Kombucha rises, probiotic supplements fall

The global market for probiotic supplements has declined since 2016, which is in line with the growth of the fermented tea known as kombucha.

Matthew Oster, Senior Head of Consumer Health

October 17, 2019

2 Min Read

After years of heady growth, the global market for probiotic supplements showed a stark deceleration starting at the end of 2016, bottoming out at negative growth in the first quarter of 2019. This slower growth cycle came at the same time as broader interest in the gut microbiome and its effects on a wide array of health functions, leading to speculation about what caused the slowdown and what it portends for future growth in this space.

After a handful of years since the initial slowdown, it is clear that cannibalization from other cultured and fermented products played a leading role in the slowdown, signifying that we’ve entered a new phase for probiotic supplements, where growth requires the industry to lead with science and innovation to win back wayward consumers.

The competitive area in which probiotic supplements play is getting more crowded each year, with consumers engaged with several similar cultured and fermented products claiming similar benefits to probiotic supplements. An example of a fast-rising category adjacent to probiotic supplements is kombucha. The fermented ready to drink (RTD) tea has seen much interest due to the product’s purported health benefits, principally digestive health and immunity, that overlap with those of probiotics.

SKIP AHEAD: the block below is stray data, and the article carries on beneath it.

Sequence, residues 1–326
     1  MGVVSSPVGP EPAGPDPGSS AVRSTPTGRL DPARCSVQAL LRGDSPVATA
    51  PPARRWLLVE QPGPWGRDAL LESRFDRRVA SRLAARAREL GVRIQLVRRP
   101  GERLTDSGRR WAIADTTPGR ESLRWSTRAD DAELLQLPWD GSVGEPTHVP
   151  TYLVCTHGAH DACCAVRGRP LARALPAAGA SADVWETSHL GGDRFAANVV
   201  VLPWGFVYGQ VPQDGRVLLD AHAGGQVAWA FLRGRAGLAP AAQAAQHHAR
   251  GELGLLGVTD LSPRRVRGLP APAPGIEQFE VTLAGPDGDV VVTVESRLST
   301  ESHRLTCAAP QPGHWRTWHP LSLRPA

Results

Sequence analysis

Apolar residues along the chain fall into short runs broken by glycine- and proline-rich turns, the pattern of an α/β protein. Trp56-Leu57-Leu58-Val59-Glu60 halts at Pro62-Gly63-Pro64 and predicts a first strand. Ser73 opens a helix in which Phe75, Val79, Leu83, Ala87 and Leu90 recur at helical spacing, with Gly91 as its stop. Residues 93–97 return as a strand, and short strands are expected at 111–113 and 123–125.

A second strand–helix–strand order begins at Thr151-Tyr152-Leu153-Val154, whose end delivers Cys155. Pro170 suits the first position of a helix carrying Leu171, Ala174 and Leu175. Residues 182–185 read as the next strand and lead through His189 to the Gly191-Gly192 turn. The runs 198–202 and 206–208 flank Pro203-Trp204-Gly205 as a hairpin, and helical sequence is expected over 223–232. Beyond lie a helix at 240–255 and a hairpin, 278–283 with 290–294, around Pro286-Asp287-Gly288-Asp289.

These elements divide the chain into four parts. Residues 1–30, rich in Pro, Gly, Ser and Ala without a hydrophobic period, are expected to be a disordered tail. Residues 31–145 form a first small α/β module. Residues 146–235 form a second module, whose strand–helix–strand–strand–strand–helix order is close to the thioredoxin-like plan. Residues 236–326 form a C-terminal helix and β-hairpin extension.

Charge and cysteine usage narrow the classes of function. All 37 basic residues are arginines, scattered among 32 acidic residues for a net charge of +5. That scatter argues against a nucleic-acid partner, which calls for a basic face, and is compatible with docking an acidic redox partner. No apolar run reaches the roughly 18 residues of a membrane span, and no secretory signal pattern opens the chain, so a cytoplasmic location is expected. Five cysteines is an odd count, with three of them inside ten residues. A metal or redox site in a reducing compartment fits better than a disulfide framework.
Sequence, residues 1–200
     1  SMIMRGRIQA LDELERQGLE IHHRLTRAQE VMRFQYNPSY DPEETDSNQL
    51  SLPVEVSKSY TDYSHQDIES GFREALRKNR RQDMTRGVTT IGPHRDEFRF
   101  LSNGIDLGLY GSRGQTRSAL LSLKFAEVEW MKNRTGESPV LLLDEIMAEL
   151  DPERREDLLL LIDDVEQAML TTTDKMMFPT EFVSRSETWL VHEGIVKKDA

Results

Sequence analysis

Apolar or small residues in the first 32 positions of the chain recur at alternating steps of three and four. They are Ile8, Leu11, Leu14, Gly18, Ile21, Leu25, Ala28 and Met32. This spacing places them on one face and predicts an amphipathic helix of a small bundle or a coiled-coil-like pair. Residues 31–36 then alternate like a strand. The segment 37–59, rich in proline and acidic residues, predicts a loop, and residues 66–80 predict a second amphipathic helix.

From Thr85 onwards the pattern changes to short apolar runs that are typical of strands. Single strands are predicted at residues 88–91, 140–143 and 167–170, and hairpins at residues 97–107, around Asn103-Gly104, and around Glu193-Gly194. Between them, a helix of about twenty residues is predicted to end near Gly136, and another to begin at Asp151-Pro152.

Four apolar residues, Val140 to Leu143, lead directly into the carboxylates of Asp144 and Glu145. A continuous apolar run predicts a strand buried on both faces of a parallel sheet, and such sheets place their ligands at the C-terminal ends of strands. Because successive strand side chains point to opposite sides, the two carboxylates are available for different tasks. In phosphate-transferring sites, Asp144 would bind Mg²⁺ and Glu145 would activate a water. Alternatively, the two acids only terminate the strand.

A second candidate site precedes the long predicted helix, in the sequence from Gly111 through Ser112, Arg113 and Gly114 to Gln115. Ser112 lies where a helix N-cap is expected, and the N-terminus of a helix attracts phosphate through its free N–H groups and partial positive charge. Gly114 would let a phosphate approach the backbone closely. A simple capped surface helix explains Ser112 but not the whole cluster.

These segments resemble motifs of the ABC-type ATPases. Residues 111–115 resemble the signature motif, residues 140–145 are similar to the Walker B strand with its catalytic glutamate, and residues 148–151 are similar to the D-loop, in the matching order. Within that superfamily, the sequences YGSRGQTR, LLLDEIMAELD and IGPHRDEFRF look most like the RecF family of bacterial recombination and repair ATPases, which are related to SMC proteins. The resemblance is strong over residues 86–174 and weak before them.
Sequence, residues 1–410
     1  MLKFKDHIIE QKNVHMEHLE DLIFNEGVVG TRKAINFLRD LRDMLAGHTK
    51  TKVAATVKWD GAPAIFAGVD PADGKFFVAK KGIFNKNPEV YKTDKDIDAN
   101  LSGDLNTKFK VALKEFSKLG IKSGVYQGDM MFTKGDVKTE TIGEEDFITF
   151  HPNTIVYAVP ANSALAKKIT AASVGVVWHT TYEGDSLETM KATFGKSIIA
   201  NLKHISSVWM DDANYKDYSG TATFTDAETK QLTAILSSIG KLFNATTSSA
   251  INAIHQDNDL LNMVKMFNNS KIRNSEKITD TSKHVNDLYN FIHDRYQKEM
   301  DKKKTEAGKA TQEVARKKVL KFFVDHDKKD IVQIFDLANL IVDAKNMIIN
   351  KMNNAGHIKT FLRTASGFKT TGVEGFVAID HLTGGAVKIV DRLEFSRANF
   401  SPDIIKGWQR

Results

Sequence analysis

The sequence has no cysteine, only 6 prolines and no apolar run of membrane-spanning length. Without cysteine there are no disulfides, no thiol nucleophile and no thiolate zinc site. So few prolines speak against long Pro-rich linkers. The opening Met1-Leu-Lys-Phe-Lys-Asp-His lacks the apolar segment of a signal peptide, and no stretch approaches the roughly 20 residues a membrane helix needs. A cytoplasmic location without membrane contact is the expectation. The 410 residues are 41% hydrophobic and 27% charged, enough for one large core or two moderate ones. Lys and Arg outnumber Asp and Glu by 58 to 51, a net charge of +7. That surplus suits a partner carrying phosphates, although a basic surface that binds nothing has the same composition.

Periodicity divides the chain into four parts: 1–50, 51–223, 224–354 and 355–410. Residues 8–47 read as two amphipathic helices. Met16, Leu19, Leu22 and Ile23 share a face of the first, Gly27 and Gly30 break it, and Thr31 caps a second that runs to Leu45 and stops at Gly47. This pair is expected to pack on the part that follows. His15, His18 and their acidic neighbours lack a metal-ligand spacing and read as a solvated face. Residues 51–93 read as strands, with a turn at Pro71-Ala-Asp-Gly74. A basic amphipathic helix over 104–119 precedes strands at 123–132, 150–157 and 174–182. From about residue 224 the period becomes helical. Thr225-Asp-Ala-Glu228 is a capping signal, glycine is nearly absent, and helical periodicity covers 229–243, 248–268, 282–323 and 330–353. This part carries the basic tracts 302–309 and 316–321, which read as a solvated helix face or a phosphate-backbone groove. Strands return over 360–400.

It is arresting to see the stark overlap in probiotic supplements’ decline with kombucha’s emergence in the U.S. That is not to say kombucha was necessary and sufficient to the probiotic supplements’ decline, but three points arise when reviewing these categories against each other: 1) it is clear that consumer interest for cultured health products has continued despite the drop in probiotic supplement sales; 2) particular interest has developed for products that have similar health claims to probiotic supplements; and 3) kombucha’s appeal has been strongest in markets (U.S. and Australia) with big probiotic supplement marketplaces seeing recent sales slowdowns.

This article appears in full in INSIDER's "Next steps for probiotics" digital magazine.

Matthew Oster is the head of consumer health at Euromonitor International, overseeing the industry’s research and analysis and leading a team of experts in 100 markets worldwide. Oster provides insight into the consumer trends, key markets, competitive landscape and growth opportunities in the global consumer health space to help organizations make strategic business decisions. His expertise is presented at industry conferences, including WSMI General Assembly, AESGP Annual Meeting and SupplySide West, among others, and featured in business and trade publications. Prior to this role, Oster was the head of institutional channels, where he analyzed the changing global health care landscape.

About the Author(s)

Matthew Oster

Senior Head of Consumer Health, Euromonitor International

Matthew Oster is the senior head of consumer health at Euromonitor International, overseeing the industry’s research and leading a team of experts in 100 markets worldwide. He provides insight on consumer trends, key markets, the competitive landscape and growth opportunities in the global consumer health space to help organizations make strategic business decisions. Oster has worked in market research since 2011, and his insights are often presented at industry conferences, via news outlets and in bylined articles.

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